Many children don't know how to be friendly, to make and keep friends. This means that you don't choose true friends. When you need friends, they've disappeared or do nothing. Besides, when you have friends, even if they are a bunch of ' nerds', you are less likely to be targeted because you belong to a group and you're not a loner.
Using feedback as your guide, use this simple recipe:
• Ask questions - prepare five for girls and five for boys, e.g. about sport, shopping, music, weekends. Just ask the question and do some ' noddies'. They will think you are being friendly.
• Chat - talking about simple, everyday things builds trust.
• Show interest - people like people who like them and who are like them. You can still show interest even though it's not your thing -television presenters do it all the time. Listen carefully and make connecting statements to show you are connected to them.
• Share empathy - this builds a real connection and is the basis of caring friendships. Friends show real care for one another and say what they think, feel and want.
• Deal with feedback and conflict - everyone has different ideas. Even friends need to discuss, negotiate and find a resolution. When you express your opinion, you get equal power and you block bullying.
• Plan - 'Let's do...'. You need to make arrangements and spend time regularly with friends, either on the phone, via the Internet or in person to build a friendship.
Practise'I' Statements at home
Askyour child to tell you how he is feeling about something that is upsetting him. Reply in a way that provides him with practice in dealing with people who care and people who don't care. Here are some examples:
Child: 'Mum, I'm angry that you forgot to wash my sports clothes.'
Adult: 'I know that you are annoyed, but I warned you last week that this would happen if you didn't do your chores.'
Child: 'Everybody is going away for the holidays. Why can't we go somewhere?'
Adult: 'I would love to go away, too, but we can't afford it this year.'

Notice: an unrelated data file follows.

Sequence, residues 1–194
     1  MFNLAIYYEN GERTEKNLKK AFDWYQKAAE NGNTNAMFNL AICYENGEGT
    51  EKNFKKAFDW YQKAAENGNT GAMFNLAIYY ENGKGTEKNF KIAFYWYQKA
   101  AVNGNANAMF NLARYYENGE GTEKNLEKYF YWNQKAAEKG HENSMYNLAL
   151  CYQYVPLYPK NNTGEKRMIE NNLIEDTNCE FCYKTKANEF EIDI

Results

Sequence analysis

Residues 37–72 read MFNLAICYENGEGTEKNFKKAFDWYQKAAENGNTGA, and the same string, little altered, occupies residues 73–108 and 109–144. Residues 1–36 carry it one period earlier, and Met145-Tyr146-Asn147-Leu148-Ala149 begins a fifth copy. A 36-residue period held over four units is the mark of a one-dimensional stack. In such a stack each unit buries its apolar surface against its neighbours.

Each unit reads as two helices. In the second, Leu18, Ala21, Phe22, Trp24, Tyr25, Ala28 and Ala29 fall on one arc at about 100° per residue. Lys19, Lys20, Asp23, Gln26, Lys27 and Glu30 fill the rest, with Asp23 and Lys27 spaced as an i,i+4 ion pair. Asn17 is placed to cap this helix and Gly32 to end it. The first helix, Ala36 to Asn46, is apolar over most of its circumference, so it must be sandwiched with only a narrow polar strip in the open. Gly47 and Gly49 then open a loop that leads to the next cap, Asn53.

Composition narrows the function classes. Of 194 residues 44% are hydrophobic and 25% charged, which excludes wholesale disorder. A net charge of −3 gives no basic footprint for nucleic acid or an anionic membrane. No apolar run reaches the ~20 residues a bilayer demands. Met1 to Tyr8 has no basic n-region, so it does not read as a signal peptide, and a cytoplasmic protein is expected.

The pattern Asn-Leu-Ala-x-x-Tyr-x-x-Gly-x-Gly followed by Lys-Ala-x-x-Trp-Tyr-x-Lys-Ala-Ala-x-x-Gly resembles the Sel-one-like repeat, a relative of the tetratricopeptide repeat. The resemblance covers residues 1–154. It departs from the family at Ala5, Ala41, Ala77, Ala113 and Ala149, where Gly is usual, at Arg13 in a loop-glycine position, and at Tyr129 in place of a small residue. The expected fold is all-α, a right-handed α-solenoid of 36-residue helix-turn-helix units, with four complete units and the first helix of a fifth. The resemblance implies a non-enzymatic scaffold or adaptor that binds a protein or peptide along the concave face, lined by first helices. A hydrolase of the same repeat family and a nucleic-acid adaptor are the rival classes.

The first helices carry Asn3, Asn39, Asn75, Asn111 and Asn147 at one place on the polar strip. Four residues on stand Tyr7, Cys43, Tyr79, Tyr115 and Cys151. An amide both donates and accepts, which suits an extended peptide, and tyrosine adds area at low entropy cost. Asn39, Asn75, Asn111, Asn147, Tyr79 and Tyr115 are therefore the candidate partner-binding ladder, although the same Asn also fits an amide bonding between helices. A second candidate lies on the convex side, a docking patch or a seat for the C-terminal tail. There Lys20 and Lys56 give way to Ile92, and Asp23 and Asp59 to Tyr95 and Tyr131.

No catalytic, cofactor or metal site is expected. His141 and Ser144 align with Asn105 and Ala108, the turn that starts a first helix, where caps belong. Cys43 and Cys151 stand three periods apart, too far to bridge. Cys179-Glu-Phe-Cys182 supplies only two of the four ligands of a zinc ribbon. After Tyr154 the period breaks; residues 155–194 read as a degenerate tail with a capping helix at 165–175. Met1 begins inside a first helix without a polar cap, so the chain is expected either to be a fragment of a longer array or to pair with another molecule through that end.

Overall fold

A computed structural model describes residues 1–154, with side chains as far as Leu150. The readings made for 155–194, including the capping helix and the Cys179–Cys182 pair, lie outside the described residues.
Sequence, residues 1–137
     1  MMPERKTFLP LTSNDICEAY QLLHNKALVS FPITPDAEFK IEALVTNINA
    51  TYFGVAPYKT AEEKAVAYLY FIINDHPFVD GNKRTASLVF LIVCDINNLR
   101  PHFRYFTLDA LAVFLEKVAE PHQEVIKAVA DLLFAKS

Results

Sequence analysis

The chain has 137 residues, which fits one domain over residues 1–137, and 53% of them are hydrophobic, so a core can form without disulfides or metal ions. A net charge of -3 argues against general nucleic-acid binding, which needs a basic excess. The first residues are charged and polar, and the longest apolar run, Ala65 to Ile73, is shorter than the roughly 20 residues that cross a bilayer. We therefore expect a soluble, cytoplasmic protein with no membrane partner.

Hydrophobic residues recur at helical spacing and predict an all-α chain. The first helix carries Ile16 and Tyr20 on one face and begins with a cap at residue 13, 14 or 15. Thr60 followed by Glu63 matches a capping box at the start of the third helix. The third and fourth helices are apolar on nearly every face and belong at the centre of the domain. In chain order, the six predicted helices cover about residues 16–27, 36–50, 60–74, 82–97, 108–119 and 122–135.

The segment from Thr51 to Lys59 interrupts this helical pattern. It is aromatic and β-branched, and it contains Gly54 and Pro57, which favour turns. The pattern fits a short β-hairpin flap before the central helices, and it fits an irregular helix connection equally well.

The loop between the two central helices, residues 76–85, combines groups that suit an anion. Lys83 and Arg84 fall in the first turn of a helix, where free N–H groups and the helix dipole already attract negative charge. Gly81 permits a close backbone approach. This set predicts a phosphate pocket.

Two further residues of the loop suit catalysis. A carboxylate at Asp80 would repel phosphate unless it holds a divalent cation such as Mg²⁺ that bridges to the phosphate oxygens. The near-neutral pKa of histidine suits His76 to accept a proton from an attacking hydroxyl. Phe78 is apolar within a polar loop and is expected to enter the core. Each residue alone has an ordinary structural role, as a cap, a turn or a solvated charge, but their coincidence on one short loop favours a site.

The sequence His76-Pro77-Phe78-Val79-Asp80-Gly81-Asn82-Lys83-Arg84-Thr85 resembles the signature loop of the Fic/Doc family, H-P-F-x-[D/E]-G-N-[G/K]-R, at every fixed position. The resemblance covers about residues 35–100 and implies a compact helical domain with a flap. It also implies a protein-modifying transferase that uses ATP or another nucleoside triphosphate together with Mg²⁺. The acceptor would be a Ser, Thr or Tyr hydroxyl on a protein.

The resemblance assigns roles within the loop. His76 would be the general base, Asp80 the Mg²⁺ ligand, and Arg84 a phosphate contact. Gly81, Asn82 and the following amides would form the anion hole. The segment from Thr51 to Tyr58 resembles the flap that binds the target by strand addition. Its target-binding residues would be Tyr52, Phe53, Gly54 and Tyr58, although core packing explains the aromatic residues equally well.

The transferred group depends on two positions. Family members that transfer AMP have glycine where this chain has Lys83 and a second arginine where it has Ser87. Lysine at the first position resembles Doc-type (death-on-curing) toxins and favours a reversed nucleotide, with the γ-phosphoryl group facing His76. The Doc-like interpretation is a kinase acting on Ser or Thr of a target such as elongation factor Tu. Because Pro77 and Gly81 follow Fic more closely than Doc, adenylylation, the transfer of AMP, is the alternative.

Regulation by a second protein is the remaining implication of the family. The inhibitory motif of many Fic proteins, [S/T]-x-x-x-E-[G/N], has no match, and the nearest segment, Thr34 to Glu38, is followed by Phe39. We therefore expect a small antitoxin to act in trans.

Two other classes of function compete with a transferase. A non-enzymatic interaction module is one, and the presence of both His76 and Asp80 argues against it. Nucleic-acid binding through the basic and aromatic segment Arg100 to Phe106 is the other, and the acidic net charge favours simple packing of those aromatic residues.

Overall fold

Child: 'I feel very bad when you yell at me.'
Adult (caring): 'I didn't know. You never told me before.'
Write down five skills that you need to practise to become friendly, fun, cool and confident.
Get the family to sit around the dinner table at meal times. Table talk is one of the best ways to encourage your child to develop communication skills, share what is happening, and plan action. Give everyone the opportunity to talk.
• Don't ask, 'How was school today?' Ask who he played with at lunch or recess, or what he did. Find out if anything funny or good happened or if he's stressed or upset about something.
• Regularly invite others to join you and provide your child with more table-talk practice.
• If your child's other parent lives elsewhere, encourage them to meet for a meal regularly.
• Give your child the opportunity to challenge you with his beliefs or about something he wants changed, such as homework, chores or privileges. Encourage him to argue, debate and negotiate a resolution with you.
■ Effective communication skills block bullying and help you make more friends.
■ Communication skills involve your eyes, face, body language, voice and words.
What to do
• Get help to project a positive, confident image - don't be scared, be prepared.
• Practise assertive communication skills.
• Look for small changes in behaviour.
Was this article helpful?
Finally! You Can Put All Your Worries To Rest! You Can Now Instantly Learn Some Little-Known But Highly Effective Tips For Successful Single Parenting! Understand Your Role As A Single Motherfather, And Learn How To Give Your Child The Love Of Both Parents Single Handedly.